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ANSI-accredited Standards Developers Called to Participate in High Performance Building Initiative

New York  July 25, 2007


ANSI-accredited standards developing organizations (SDOs) are invited to participate in the High Performance Building Council (HPBC), launched under the auspices of the National Institute of Building Sciences (NIBS).

The HPBC has undertaken an assessment of current voluntary consensus standards and rating systems for high performance buildings, how they can be used, and what other standards are needed. By conserving, harvesting, and reusing nature’s resources, high performance buildings incorporate sustainable features to minimize strain on the environment and local infrastructure.

Facts and Figures
In the United States, buildings account for:
  • 39 % of total energy use
  • 68 % of total electricity use
  • 12 % of total water consumption
  • 38 % of carbon dioxide emissions

Increasingly, home buyers and apartment hunters are keeping green design in mind when looking for a new home. When complete in 2009, a new project in New York City’s Battery Park will become the first all-green neighborhood in the United States, boasting eight green residential high-rises and one commercial building.

The first of these projects, the Solaire, was recognized as the first green apartment building in the U.S. in 2003. The Solaire uses fifty percent less water than a similarly sized conventional building. The building stores rainwater below its 17th and 29th floors to nourish roof gardens above.

Among the HPBC’s goals is to present in early 2008 a report to Congress identifying and analyzing relevant existing and draft standards, as well as any gaps or areas where standards may be needed. The report is in line with Section 914 of the Energy Policy Act of 2005, which calls for an assessment of current voluntary consensus standards and rating systems.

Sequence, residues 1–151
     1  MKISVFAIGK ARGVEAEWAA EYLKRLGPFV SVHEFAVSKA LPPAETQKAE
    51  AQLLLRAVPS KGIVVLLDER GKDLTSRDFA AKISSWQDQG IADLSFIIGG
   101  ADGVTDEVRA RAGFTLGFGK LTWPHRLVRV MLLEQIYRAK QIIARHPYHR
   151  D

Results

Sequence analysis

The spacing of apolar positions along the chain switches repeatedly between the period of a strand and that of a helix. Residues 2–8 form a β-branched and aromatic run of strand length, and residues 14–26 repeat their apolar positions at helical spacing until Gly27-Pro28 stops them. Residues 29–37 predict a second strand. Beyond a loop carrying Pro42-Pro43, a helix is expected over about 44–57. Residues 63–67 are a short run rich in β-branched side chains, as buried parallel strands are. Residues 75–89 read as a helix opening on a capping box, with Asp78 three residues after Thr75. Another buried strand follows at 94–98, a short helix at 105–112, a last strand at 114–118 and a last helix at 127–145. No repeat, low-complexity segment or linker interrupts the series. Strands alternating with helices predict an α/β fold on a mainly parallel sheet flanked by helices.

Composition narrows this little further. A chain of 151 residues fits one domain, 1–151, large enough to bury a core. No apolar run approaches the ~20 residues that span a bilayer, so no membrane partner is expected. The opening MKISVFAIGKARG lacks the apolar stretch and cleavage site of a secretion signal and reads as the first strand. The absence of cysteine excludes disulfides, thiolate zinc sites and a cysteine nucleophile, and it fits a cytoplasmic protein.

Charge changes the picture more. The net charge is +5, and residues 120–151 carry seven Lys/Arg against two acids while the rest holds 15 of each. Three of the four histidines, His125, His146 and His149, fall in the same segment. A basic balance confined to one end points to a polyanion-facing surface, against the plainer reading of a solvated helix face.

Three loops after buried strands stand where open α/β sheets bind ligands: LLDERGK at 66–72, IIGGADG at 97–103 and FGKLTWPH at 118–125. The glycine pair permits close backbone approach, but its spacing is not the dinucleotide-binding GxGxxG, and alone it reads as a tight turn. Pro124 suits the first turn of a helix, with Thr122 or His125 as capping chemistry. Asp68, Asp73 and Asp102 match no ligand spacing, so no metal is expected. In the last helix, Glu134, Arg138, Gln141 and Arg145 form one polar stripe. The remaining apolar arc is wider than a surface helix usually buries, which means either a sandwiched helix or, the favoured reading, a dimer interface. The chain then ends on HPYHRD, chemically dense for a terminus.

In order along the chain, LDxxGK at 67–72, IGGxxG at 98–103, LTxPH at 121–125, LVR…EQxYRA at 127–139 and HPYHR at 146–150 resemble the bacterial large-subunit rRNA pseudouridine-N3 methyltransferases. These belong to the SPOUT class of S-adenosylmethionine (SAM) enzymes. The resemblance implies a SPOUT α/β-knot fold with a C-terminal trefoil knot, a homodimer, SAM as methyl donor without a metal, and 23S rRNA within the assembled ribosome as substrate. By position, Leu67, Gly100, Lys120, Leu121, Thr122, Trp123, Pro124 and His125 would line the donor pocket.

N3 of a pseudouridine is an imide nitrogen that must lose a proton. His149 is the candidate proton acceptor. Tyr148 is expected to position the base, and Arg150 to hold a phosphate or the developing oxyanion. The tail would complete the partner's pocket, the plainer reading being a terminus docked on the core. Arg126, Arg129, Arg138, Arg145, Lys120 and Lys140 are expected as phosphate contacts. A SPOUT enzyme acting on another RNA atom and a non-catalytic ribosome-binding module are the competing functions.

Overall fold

The American National Standards Institute will provide the HPBC with information relating to current American National Standards and ANSI-accredited standards developers; however, to ensure that an SDO’s relevant standards will be considered for possible incorporation into the final report, ANSI-accredited standards developing organizations are encouraged join the HPBC in its endeavor.

HPBC committees are currently reviewing and reporting on aspects of specific standards relevant to high performance buildings. Based largely on NIBS’ Whole Building Design Guide, existing HPBC committees are titled:

  • Definition of High Performance Building
  • Cost Effective
  • Historic Preservation
  • Sustainable
  • Accessible
  • Safe/Secure
  • Productive
  • Functional
  • Aesthetic
“The scope of this activity is broad and ANSI-accredited standards developers have the opportunity to make a significant impact,” said Anne Caldas, ANSI director of standards and procedures administration. “If an organization is interested in ensuring that its relevant standards are substantively noted and considered, I strongly encourage developers to participate in the work of one or more of the HPBC’s committees.”

Interested parties may contact Helen English, executive director of the Sustainable Building Industry Council (henglish@sbicouncil.org).

Further details are available at www.nibs.org.

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